In developing the prototypes for its 80-square-foot Exo shelters, Reaction Housing, a startup based in Austin, Texas, realized that the available materials and vendors didn’t meet its performance criteria. The units needed to last five to 10 years, but early dives into the supply chain didn’t look promising. So the company found itself inventing new materials and manufacturing processes, CEO Michael McDaniel says.
Today, Reaction Housing has pre-sold hundreds of its Exo units. It projects that it will sell thousands of units this year.
This week, the company announces that it has raised $9.8 million in Series A Venture funding led by Riverwood Capital. The funding comes on the heels of the company’s $1.5 million seed funding, which it used to grow its team from three to 24 employees, including COO Graeme Waitzkin.
Besides their cool, futuristic appearance, the startup’s Exo shelter has a variety of selling points: They are stackable, and 16 units can be loaded in the back of a semi truck. They are customizable and “smart,” with features like HVAC systems and digital door locks. They sleep four adults and can be lifted and assembled by four people in a matter of minutes. (It’s just two pieces, a shell and a base.) They can be connected to a source of electricity, including solar panels or car batteries, if available.
And most importantly, they’re affordable. The units cost around $6,000 for the basic disaster relief version and go up to $10,000 for more tricked-out commercial units. The company expects disaster relief to make up the bulk of its sales. But there has been demand from companies seeking workforce housing and organizers of events like music festivals. One surprising area of demand is the medical field. The need for housing related to the Ebola crisis in Africa, for example, introduced a potentially new use for the Exos, McDaniel says.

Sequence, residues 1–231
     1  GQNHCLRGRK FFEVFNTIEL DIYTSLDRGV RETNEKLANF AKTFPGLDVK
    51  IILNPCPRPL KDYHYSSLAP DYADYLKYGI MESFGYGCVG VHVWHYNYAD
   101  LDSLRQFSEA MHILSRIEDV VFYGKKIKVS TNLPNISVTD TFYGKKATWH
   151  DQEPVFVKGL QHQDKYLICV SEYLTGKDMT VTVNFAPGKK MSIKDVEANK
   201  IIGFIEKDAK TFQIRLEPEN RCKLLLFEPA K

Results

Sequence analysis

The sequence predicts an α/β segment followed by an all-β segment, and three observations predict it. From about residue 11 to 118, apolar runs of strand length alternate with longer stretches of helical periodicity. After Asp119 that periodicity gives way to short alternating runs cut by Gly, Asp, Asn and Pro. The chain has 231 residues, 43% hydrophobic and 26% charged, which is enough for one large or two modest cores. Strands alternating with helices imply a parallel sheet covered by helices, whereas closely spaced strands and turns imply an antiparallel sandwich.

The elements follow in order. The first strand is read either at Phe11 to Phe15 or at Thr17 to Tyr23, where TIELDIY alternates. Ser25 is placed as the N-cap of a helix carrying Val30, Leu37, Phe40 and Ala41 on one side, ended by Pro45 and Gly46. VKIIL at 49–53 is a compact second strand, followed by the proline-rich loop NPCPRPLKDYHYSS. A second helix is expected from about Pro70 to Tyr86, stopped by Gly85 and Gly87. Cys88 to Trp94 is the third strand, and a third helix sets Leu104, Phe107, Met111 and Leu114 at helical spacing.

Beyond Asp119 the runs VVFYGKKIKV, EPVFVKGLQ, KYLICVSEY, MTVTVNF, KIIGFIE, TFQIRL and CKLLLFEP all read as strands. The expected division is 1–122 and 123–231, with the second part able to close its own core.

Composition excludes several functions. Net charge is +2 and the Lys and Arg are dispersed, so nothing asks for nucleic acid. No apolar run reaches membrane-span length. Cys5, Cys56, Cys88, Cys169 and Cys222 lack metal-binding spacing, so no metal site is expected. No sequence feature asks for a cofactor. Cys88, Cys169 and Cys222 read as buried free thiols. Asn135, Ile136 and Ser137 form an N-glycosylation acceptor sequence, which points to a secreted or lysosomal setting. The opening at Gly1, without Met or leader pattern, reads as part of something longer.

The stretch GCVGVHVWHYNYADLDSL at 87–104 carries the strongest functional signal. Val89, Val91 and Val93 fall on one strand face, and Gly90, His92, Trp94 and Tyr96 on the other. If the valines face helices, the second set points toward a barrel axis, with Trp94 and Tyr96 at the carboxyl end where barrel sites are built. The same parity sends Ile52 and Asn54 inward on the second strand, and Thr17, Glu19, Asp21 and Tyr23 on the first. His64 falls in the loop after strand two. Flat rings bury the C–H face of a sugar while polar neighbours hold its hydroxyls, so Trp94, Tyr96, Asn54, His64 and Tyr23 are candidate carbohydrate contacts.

Still, $6,000 is a much bigger investment than say, a tent. For example, a charity called ShelterBox provides necessities such as tents, thermal blankets, and water purification tools in a small box for a fraction of the cost. But McDaniel is trying to solve the problem of people who are displaced for long periods of time, which can end up costing tens or even hundreds of thousands of dollars. Many hurricane victims end up living in hotels on the government’s dime. The RVs the federal government purchased for Hurricane Katrina victims cost an average of $65,00 each and were not reusable. The Exos are designed to be different.
Reaction Housing will use its funding to build out a recently-leased 32,000 square foot factory in Austin. Currently, units are produced in a temporary facility. With its new facility built out, Reaction Housing will be able to make 600 units per month.